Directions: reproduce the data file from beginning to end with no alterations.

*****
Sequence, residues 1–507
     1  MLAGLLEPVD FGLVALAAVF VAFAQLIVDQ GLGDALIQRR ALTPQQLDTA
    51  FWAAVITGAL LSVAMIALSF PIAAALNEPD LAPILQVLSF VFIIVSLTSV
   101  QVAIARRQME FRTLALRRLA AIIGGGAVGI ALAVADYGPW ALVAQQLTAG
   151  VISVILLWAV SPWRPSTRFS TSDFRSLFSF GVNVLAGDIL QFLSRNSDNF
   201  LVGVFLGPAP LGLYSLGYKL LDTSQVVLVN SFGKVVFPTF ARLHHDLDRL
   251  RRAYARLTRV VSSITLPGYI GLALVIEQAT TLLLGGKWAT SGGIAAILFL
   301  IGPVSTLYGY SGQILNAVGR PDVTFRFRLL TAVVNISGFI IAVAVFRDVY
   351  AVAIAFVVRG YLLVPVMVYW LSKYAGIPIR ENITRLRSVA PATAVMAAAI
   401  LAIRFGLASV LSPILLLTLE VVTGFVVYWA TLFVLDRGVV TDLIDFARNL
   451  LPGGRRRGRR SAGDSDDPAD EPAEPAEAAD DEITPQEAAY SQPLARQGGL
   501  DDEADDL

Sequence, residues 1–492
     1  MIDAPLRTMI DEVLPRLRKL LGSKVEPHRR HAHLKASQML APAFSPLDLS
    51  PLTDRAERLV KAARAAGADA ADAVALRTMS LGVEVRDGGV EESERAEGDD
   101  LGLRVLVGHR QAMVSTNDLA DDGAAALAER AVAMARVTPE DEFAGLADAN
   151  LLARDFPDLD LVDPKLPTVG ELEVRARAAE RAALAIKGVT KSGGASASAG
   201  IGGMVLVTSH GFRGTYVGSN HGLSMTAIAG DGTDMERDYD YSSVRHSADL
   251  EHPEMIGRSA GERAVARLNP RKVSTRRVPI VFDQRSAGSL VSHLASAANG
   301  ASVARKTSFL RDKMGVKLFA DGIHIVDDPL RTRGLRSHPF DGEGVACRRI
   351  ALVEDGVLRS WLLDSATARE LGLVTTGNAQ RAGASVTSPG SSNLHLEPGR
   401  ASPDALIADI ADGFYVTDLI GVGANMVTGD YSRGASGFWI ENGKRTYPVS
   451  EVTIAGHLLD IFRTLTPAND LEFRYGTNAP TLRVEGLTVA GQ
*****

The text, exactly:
Sequence, residues 1–507
     1  MLAGLLEPVD FGLVALAAVF VAFAQLIVDQ GLGDALIQRR ALTPQQLDTA
    51  FWAAVITGAL LSVAMIALSF PIAAALNEPD LAPILQVLSF VFIIVSLTSV
   101  QVAIARRQME FRTLALRRLA AIIGGGAVGI ALAVADYGPW ALVAQQLTAG
   151  VISVILLWAV SPWRPSTRFS TSDFRSLFSF GVNVLAGDIL QFLSRNSDNF
   201  LVGVFLGPAP LGLYSLGYKL LDTSQVVLVN SFGKVVFPTF ARLHHDLDRL
   251  RRAYARLTRV VSSITLPGYI GLALVIEQAT TLLLGGKWAT SGGIAAILFL
   301  IGPVSTLYGY SGQILNAVGR PDVTFRFRLL TAVVNISGFI IAVAVFRDVY
   351  AVAIAFVVRG YLLVPVMVYW LSKYAGIPIR ENITRLRSVA PATAVMAAAI
   401  LAIRFGLASV LSPILLLTLE VVTGFVVYWA TLFVLDRGVV TDLIDFARNL
   451  LPGGRRRGRR SAGDSDDPAD EPAEPAEAAD DEITPQEAAY SQPLARQGGL
   501  DDEADDL

Sequence, residues 1–492
     1  MIDAPLRTMI DEVLPRLRKL LGSKVEPHRR HAHLKASQML APAFSPLDLS
    51  PLTDRAERLV KAARAAGADA ADAVALRTMS LGVEVRDGGV EESERAEGDD
   101  LGLRVLVGHR QAMVSTNDLA DDGAAALAER AVAMARVTPE DEFAGLADAN
   151  LLARDFPDLD LVDPKLPTVG ELEVRARAAE RAALAIKGVT KSGGASASAG
   201  IGGMVLVTSH GFRGTYVGSN HGLSMTAIAG DGTDMERDYD YSSVRHSADL
   251  EHPEMIGRSA GERAVARLNP RKVSTRRVPI VFDQRSAGSL VSHLASAANG
   301  ASVARKTSFL RDKMGVKLFA DGIHIVDDPL RTRGLRSHPF DGEGVACRRI
   351  ALVEDGVLRS WLLDSATARE LGLVTTGNAQ RAGASVTSPG SSNLHLEPGR
   401  ASPDALIADI ADGFYVTDLI GVGANMVTGD YSRGASGFWI ENGKRTYPVS
   451  EVTIAGHLLD IFRTLTPAND LEFRYGTNAP TLRVEGLTVA GQ